Satellite views of the seasonal and interannual variability of phytoplankton blooms in the eastern China seas over the past 14 yr (1998–2011)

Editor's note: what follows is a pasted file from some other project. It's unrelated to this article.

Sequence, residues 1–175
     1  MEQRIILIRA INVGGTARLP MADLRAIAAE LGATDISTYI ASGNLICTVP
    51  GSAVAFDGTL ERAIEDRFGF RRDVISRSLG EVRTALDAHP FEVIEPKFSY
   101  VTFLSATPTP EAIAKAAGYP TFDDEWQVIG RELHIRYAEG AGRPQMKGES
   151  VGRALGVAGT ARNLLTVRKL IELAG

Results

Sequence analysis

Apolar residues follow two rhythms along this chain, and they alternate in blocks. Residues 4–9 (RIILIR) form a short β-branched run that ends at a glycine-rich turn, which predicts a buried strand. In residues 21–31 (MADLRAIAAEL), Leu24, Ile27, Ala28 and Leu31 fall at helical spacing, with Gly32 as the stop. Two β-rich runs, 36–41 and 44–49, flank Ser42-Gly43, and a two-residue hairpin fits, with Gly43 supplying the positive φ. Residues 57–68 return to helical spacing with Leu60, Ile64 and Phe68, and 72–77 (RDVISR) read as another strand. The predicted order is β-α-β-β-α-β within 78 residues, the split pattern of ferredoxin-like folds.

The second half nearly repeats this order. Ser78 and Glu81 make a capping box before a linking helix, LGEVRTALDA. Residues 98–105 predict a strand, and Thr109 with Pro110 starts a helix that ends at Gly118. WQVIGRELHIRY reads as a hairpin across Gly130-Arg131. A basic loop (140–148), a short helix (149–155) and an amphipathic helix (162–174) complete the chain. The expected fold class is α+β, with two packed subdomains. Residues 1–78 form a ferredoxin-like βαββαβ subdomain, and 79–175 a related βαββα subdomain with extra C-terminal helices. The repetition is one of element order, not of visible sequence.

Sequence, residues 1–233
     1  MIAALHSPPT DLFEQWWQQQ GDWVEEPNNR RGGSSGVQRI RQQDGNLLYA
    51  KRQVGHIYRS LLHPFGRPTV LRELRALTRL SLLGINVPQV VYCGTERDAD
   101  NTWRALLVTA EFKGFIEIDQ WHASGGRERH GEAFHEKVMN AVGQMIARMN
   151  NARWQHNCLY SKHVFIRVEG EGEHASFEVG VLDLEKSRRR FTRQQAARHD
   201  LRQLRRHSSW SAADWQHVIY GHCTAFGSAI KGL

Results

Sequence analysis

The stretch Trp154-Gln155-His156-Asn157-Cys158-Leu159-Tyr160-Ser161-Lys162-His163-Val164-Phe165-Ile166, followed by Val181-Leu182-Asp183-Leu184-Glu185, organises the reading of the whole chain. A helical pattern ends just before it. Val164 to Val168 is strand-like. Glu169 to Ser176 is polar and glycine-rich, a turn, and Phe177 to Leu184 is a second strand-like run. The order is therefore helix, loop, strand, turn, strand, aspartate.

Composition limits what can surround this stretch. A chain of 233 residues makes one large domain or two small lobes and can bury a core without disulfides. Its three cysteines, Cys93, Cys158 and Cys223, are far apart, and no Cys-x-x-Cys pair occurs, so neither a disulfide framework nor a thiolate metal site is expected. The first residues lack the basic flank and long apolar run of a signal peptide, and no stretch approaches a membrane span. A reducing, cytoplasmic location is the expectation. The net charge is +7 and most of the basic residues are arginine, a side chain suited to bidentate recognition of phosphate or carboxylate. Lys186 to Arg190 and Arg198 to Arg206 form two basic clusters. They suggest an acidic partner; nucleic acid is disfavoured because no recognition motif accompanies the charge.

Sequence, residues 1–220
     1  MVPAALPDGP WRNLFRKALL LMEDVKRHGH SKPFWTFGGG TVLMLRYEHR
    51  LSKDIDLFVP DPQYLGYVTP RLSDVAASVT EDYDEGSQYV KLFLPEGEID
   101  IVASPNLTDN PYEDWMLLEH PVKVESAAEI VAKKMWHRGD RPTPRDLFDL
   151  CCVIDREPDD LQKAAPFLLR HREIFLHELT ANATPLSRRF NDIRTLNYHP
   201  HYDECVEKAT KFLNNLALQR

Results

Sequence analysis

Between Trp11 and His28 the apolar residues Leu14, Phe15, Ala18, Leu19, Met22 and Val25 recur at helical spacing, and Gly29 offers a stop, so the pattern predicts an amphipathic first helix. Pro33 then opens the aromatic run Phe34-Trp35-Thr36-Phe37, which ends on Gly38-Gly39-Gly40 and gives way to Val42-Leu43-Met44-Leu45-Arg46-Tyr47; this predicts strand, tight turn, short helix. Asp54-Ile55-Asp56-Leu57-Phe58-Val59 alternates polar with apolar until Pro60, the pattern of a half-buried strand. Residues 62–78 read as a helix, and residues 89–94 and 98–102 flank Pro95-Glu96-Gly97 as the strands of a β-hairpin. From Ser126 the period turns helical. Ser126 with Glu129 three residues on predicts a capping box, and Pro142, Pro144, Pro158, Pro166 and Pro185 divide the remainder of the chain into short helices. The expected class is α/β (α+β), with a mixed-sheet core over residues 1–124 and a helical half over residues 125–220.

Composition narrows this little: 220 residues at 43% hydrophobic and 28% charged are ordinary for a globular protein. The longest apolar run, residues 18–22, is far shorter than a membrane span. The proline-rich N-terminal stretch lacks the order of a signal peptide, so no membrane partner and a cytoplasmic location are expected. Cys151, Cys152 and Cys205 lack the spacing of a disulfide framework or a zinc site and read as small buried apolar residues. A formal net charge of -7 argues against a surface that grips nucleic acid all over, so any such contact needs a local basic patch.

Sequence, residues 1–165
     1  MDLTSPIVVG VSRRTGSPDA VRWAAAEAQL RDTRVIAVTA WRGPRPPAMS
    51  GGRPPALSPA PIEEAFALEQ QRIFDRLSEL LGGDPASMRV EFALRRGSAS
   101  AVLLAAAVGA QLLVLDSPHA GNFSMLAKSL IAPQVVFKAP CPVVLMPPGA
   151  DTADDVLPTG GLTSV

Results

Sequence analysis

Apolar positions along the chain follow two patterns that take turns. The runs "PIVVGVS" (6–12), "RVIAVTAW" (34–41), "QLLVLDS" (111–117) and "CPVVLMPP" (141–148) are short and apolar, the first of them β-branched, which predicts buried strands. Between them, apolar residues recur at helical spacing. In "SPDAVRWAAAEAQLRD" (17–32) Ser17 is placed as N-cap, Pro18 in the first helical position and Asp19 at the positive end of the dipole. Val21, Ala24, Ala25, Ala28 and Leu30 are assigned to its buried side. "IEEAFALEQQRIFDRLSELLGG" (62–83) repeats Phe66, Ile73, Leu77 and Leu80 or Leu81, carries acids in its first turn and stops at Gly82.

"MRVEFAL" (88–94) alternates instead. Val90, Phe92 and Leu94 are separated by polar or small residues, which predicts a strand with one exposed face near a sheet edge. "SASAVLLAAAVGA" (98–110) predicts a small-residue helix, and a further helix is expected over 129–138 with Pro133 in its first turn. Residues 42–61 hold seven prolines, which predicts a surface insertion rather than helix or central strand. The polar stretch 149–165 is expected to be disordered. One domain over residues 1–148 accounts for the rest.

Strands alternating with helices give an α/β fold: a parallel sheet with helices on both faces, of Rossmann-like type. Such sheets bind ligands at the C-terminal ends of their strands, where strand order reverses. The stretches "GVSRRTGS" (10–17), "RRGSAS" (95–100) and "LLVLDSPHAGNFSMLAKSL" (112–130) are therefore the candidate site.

The eastern China seas are some of the largest marginal seas in the world, where high primary productivity and phytoplankton blooms are often observed. However, little is known about their systematic variation of phytoplankton blooms on large spatial and long temporal scales due to the difficulty of monitoring bloom events by field measurement. In this study, we investigated the seasonal and interannual variability and long-term changes in phytoplankton blooms in the eastern China seas using a 14 yr (1998–2011) time series of satellite ocean colour data. To ensure a proper satellite dataset to figure out the bloom events, we validated and corrected the satellite-derived chlorophyll concentration (chl a) using extensive in situ datasets from two large cruises. The correlation coefficients between the satellite retrieval data and the in situ chl a on the logarithmic scale were 0.85 and 0.72 for the SeaWiFS and Aqua/MODIS data, respectively. Although satellites generally overestimate the chl a, especially in highly turbid waters, both the in situ and satellite data show that the overestimation of satellite-derived chl a has an upper limit value (10 μg L −1), which can be used as a threshold for the identification of phytoplankton blooms to avoid the false blooms resulting from turbid waters. Taking 10 μg L −1 as the threshold, we present the spatial-temporal variability of phytoplankton blooms in the eastern China seas over the past 14 yr. Most blooms occur in the Changjiang Estuary and along the coasts of Zhejiang, with a maximal frequency of 20% (about 73 days per year). The coasts of the northern Yellow Sea and the Bohai Sea also have high-frequency blooms (up to 20%). The blooms show significant seasonal variation, with most occurring in spring (April–June) and summer (July–September). The study also revealed a doubling in bloom intensity in the Yellow Sea and Bohai Sea during the past 14 yr. The nutrient supply in the eastern China seas might be a major controlling factor in bloom variation. The time series in situ nutrient datasets show that both the nitrate and phosphate concentrations increased more than twofold between 1998 and 2005 in the Yellow Sea. This might be the reason for the doubling of the bloom intensity index in the Yellow Sea and Bohai Sea. In contrast, there has been no significant long-term increase or decrease in the Changjiang Estuary, which might be regulated by the Changjiang River discharge. These results offer a foundation for the study of the influence of phytoplankton blooms on the carbon flux estimation and biogeochemical processes in the eastern China seas.